Comparing both the systems (Figures 2 and 3), one can observe higher conductivity values for the nitride; several factors can contribute to this behavior, such as the many body effects as well as the values of effective masses, involved in the calculations of the densities . Experimental results for p-doped cubic GaN films, which use the concept of reactive co-doping, have obtained vertical conductivities as high as 50/Ωcm . Those results corroborate with those of this study, since in the case of SLs, higher values for the conductivity are expected. Another interesting point concerning the arsenides relates to the higher values found for their conductivity in the case of systems, e.g., n-type delta doping GaAs system. The reason is the same as that given earlier.
In conclusion, this investigation shows that the conductivity behavior for heavy holes as a function of N 2D or of the Fermi level depicts a plateau-like behavior due to fully occupied levels. A remarkable point refers to the relative importance of the Coulomb and exchange-correlation effects in the total potential profile and, consequently, in the determination of the conductivity. These results presented here are expected to be treated as a guide for vertical transport measurements in actual SLs. Experiments carried out with good quality samples, combined with the theoretical predictions made in this study, will provide the way to elucidate the several physical aspects involved in the fundamental problem of the conductivity in SLs minibands.
two-dimensional hole gas
effective mass equation
local density approximation
The authors would like to acknowledge the Brazilian Agency CNPq, CT-Ação Tranversal/CNPq grant #577219/2008-1, Universal/CNPq grant #472.312/2009-0, CNPq grant #303880/2008-2, CAPES, FACEPE (grant no. 1077-1.05/08/APQ), and FAPESP, Brazilian funding agencies, for partially supporting this project.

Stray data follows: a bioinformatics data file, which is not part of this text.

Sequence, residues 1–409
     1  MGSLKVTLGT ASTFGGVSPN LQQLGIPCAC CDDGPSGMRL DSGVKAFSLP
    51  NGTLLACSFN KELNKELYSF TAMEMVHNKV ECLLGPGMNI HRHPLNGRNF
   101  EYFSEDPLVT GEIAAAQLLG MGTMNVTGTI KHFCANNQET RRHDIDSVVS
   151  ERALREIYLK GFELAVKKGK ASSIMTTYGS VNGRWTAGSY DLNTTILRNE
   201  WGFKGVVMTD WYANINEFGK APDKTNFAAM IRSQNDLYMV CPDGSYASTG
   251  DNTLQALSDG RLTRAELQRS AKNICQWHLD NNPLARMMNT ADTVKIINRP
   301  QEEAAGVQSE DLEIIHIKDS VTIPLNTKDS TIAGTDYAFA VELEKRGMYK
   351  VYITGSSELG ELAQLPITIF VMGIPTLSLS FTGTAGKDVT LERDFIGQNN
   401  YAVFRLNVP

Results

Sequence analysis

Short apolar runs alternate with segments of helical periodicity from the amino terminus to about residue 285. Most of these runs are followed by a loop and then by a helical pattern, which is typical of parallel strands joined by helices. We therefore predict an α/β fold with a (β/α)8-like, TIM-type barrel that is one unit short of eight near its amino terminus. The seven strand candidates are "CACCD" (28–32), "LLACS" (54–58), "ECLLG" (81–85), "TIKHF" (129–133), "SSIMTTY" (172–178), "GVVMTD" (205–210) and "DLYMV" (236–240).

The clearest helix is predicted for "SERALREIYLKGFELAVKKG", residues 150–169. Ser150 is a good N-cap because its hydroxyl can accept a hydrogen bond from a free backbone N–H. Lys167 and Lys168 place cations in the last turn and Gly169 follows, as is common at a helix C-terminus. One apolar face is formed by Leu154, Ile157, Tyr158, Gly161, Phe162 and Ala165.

- Nakamura S: InGaN-based violet laser diodes. Semicond Sci Technol 1999, 14: R27. 10.1088/0268-1242/14/6/201View Article
- Sharma TK, Towe E: On ternary nitride substrates for visible semiconductor light-emitters. Appl Phys Lett 2010, 96: 191105. 10.1063/1.3425885View Article
- Khmissi H, Sfaxi L, Bouzaïene L, Saidi F, Maaref H, Bru-Chevallier C: Effect of carriers transfer behavior on the optical properties of InAs quantum dots embedded in AlGaAs/GaAs heterojunction. J Appl Phys 2010, 107: 074307. 10.1063/1.3371356View Article
- Leite JR, Rodrigues SCP, Scolfaro LMR, Enderlein R, Beliaev D, Quivy AA: Electrical conductivity of δ doping superlattices parallel to the growth direction. Mater Sci Eng B 1995, 35: 220. 10.1016/0921-5107(95)01326-1View Article
- Sinyavskii EP, Khamidullin RA: Special features of electrical conductivity in a parabolic quantum well in a magnetic field. Semiconductors 2002, 36: 924. 10.1134/1.1500473View Article
- Pusep YuA, Silva MTO, Galzerani JC, Rodrigues SCP, Scolfaro LMR, Lima AP, Quivy AA, Leite JR, Moshegov NT, Basmaji P: Raman measurement of vertical conductivity and localization effects in strongly coupled semiconductor periodical structures. J Appl Phys 2000, 87: 1825. 10.1063/1.372097View Article